Insert paragraph between table & heading?


P

Paul

I have a table immediately followed by a (numbered) Heading1
paragraph. I want to put a "Body Text" style paragraph in between
them. If I put the cursor at the very end of the last table row and
press return, all I get is another table row (rather than a new
paragraph). I tried to select the last row and change it to "Body
Text", but that only changed the style within the table cells. It
didn't convert the row into a non-table paragraph.

As another way of inserting a paragraph between the table and the
Heading1 paragraph, I put the cursor just before the first letter of
the Heading1 paragraph and pressed return. That created a Heading1
paragraph just before the original one. Now I can change the new
Heading1 paragraph to Body Text. However, all cross-references to the
original Heading1 paragraph now refer to the new Heading1 paragraph.
When I changed the new Heading1 paragraph to Body Text, all the
aforementioned cross-references became (for example) "see Section 0"
instead of the paragraph number of the original Heading 1 paragraph.

Based on what I've been learning from this newsgroup lately, I realize
there's all sorts of acrobatics one might be able to do with revealing
codes and search/replace, but figuring that out really necessary to
insert a paragraph between a table and a heading?

I'm using Word 2003 on Windows XP. Thanks.
 
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S

Suzanne S. Barnhill

Another approach is to add a row to the table, then right-click in that row
and choose Split Table. This will insert a Normal paragraph between the new
row and the existing table. Then select the new row and press Backspace to
delete.

--
Suzanne S. Barnhill
Microsoft MVP (Word)
Words into Type
Fairhope, Alabama USA
http://word.mvps.org
 
S

Stefan Blom

Select the whole cross-referenced (bookmarked) heading; be sure to include the
paragraph mark that terminates the paragraph. Cut it and paste elsewhere in the
document. Then add the blank paragraph by pressing Enter at the beginning of
what is now the paragraph below the table. Cut and paste the heading back into
position.

The exercise will be easier if you display nonprinting marks which you can do by
pressing the ¶ button on the Standard toolbar. Paragraph marks will display as
pilcrows (¶).
 
P

Paul

Thanks, Stefan, and Suzanne. I also found from trial and error that I
can press Shift-Ctrl-Return at the right end of a table row. That
inserts a Normal paragraph.

Regarding the bit about cross-references to numbered headings, life
sure would be easier if one can turn on visibility of these automatic
bookmarks.
 
S

Suzanne S. Barnhill

Thanks for the tip, but for me that shortcut just splits the table. Even if
you have inserted a new row, you'll still have to delete it, and if you
haven't inserted a new row, then you'll have to drag the split-off row back
up to the table.

--
Suzanne S. Barnhill
Microsoft MVP (Word)
Words into Type
Fairhope, Alabama USA
http://word.mvps.org

Thanks, Stefan, and Suzanne. I also found from trial and error that I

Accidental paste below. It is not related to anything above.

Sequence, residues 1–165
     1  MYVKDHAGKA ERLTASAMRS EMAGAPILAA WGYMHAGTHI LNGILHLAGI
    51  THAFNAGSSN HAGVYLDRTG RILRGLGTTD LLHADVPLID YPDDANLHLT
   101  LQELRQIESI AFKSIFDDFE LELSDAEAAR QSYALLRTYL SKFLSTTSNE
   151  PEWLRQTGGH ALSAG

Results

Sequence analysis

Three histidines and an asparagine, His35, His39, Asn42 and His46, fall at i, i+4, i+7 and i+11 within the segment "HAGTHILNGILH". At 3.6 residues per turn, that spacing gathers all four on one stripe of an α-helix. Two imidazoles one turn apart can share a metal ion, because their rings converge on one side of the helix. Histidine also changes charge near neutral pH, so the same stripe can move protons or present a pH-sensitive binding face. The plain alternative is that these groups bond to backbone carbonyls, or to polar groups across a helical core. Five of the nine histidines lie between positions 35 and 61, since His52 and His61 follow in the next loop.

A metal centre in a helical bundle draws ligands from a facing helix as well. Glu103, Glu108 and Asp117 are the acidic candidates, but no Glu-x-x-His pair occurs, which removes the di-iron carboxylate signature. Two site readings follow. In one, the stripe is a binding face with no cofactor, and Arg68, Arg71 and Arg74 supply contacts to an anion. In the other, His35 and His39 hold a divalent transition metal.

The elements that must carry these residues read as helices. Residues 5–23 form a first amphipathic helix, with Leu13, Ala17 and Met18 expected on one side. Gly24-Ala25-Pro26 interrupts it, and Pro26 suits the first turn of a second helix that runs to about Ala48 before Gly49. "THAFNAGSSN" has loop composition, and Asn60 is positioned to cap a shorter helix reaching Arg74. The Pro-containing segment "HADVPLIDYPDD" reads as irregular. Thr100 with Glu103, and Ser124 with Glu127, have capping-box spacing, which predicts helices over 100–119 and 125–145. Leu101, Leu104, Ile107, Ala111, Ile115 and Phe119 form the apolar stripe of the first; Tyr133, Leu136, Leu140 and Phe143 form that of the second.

can press Shift-Ctrl-Return at the right end of a table row. That
inserts a Normal paragraph.

Regarding the bit about cross-references to numbered headings, life
sure would be easier if one can turn on visibility of these automatic
bookmarks.
 
S

Stefan Blom

Actually, Ctrl+Shift+Enter inserts a *column* break. As a consequence, the table
will be split (the same thing happens if you insert a manual page break or
section break within a table cell).
 
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P

Paul

This action results in a split table, but I make sure that the stuff
that is split off consists of empty unneeded rows. After adding some
text paragraphs between the two parts of the table, I select the lower
split-off table and "cut" it (it doesn't seem to be deletable).
 
S

Suzanne S. Barnhill

If you select an entire table, you can delete it with Backspace.

--
Suzanne S. Barnhill
Microsoft MVP (Word)
Words into Type
Fairhope, Alabama USA
http://word.mvps.org

This action results in a split table, but I make sure that the stuff
that is split off consists of empty unneeded rows. After adding some
text paragraphs between the two parts of the table, I select the lower
split-off table and "cut" it (it doesn't seem to be deletable).
 
S

Stefan Blom

Since Delete only clears the *contents* of cells, I guess Backspace was a
compromise.

Moreover, note that, years ago, Word Help actually suggested using Cut as a
method to delete a whole table. I don't recall that Help mentioned Backspace...
So the method may not be new only to you!

--
Stefan Blom
Microsoft Word MVP
(Message posted via news.eternal-september.org)



Thanks Suzanne. So many little tricks to know about Word...
 
S

Suzanne S. Barnhill

I think Backspace may have been introduced along with the "table handle."

--
Suzanne S. Barnhill
Microsoft MVP (Word)
Words into Type
Fairhope, Alabama USA
http://word.mvps.org
 
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S

Suzanne S. Barnhill

No, I think the table handle was Word 2000, because that was the first
version in which tables could be wrapped (and of course they become wrapped
if you move them with the table handle, a significant trap for the unwary).

--
Suzanne S. Barnhill
Microsoft MVP (Word)
Words into Type
Fairhope, Alabama USA
http://word.mvps.org
 
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